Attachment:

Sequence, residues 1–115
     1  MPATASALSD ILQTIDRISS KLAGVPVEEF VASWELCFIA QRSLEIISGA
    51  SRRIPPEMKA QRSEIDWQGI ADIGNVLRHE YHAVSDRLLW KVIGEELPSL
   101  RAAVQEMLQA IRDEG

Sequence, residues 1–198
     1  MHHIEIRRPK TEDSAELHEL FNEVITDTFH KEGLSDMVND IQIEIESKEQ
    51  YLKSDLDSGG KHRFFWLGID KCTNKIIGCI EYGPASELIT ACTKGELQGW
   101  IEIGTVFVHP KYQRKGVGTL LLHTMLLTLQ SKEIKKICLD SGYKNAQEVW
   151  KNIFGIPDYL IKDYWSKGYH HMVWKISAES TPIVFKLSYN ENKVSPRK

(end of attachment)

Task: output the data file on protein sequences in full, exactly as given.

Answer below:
Sequence, residues 1–115
     1  MPATASALSD ILQTIDRISS KLAGVPVEEF VASWELCFIA QRSLEIISGA
    51  SRRIPPEMKA QRSEIDWQGI ADIGNVLRHE YHAVSDRLLW KVIGEELPSL
   101  RAAVQEMLQA IRDEG

Sequence, residues 1–198
     1  MHHIEIRRPK TEDSAELHEL FNEVITDTFH KEGLSDMVND IQIEIESKEQ
    51  YLKSDLDSGG KHRFFWLGID KCTNKIIGCI EYGPASELIT ACTKGELQGW
   101  IEIGTVFVHP KYQRKGVGTL LLHTMLLTLQ SKEIKKICLD SGYKNAQEVW
   151  KNIFGIPDYL IKDYWSKGYH HMVWKISAES TPIVFKLSYN ENKVSPRK